Technology management is not getting any easier, despite technology’s ubiquity, the ease with which we integrate it with our daily lives and cloud-based services, which should simplify nearly everything if you believe the press.
The primary reason why there’s a disconnect — a lack of meshing — between users who believe technology should be straightforward and the reality for corporate technology providers is that corporate technology is customized and that requires users and developers to really understand each other. In fact, I would argue that technology is becoming more difficult to implement successfully.
I continue to see a true lack of communication between the business and technology organizations and implementation failures resulting from lack of understanding rather than anything technical. In fact, which I’ve mentioned before, a recent McKinsey survey found a low score of 26% for technology leaders proactively engaging with business leaders on new ideas or system enhancements. This has been a problem for as long as I recall. I know the 26% figure can be raised.
Trouble is, the business people see the problem but don’t know what to do, while the technologists are so focused on coding and infrastructure and having a project number, they don’t realize the problem’s root cause. Neither side wants to step into the shoes of the other.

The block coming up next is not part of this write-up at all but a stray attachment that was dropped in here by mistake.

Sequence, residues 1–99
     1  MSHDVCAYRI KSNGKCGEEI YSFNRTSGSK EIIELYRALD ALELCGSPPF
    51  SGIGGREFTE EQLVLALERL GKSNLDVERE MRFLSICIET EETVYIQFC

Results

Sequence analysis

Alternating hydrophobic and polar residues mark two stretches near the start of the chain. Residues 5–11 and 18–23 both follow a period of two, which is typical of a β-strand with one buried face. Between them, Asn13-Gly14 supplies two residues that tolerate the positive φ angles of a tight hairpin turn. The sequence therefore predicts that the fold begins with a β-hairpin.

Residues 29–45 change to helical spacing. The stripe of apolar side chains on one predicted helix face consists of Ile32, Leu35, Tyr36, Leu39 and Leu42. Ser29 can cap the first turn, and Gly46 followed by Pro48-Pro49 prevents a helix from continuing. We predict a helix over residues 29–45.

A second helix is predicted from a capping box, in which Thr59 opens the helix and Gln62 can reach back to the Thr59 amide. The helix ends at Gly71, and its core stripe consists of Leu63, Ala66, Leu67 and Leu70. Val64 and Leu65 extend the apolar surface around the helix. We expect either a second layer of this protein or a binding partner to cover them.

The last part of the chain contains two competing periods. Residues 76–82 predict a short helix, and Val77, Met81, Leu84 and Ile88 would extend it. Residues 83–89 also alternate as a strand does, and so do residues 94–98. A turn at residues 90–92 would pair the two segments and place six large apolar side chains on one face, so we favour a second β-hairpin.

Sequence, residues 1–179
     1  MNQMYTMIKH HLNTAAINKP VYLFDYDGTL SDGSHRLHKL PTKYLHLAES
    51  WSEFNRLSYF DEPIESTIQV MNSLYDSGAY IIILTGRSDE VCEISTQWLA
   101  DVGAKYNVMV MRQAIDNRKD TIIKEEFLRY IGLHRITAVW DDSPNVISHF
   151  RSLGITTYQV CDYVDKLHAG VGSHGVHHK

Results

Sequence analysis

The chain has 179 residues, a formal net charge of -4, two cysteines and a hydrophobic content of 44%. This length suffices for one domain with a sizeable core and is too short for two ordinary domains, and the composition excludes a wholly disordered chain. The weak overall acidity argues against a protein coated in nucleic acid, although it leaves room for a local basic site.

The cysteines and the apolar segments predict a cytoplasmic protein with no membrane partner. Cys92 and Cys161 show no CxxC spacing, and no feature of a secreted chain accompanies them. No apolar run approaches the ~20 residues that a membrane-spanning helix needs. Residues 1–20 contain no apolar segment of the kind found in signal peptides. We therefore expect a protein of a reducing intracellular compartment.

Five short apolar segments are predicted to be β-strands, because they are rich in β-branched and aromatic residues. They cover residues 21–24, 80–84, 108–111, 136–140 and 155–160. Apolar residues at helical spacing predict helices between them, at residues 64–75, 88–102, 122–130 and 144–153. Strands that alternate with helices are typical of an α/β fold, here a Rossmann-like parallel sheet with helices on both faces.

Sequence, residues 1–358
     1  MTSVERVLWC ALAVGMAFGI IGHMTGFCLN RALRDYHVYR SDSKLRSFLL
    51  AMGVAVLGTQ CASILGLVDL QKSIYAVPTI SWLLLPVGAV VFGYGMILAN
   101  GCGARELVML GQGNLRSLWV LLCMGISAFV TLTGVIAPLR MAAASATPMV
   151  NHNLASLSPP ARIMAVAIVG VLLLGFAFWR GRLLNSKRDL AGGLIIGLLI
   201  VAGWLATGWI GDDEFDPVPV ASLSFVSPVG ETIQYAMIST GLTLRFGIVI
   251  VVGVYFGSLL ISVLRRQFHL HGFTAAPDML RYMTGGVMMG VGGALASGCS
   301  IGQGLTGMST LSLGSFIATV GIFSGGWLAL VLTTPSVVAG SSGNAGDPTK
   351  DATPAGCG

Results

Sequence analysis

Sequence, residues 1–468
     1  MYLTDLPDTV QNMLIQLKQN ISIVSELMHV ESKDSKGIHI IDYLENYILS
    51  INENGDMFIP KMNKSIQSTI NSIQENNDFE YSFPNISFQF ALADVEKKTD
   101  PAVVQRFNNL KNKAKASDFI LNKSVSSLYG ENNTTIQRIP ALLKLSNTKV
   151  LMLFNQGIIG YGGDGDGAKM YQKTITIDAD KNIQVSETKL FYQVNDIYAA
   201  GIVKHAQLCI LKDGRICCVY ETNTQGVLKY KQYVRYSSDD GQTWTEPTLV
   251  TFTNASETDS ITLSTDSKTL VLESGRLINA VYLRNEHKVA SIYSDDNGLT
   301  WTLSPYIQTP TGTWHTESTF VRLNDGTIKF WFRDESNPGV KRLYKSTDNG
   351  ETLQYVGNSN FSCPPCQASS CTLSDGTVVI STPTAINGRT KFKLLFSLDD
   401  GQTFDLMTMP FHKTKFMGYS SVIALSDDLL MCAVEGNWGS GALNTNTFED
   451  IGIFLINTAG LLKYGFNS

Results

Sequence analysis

Many ‘blocks’ exist to fixing this problem. The ‘blocks’ I would concentrate on to solve the problem are:
- Specifically focusing CIO/CEO discussions on the conversations that should be held between business managers for whom the technology is being developed and the technologists.
- Understanding the daily relationship between the business managers and technologists. Normally this is highly discontinuous – which leads to disappointment during user acceptance testing and implementation of the final release.
- Addressing the unknown effect of outsourcing development, which further distances the business from his/her technology provider. I think this leads to more ‘throwing it over the fence’ by the business, upsetting the technologists who see themselves more than ever as order takers. Further, outsourcing highlights communication problems due to cultural, distance and language differences. And it adds another opportunity for management miscommunication.
- The dilemma of a CIO who gets kudos for executing ‘overhead’ and believes that is sufficient for creating a strong line of communication and openness with the business organization. With all the articles and analyses on the importance and role of technology enabling strategy, it’s a shame that the relationship to create a working union still has so far to go.
The ‘blocks’ can be addressed through improved governance, enhanced communication, more mutual planning, and having all parties participate equally. The gears of both parties need to engage and remain meshed.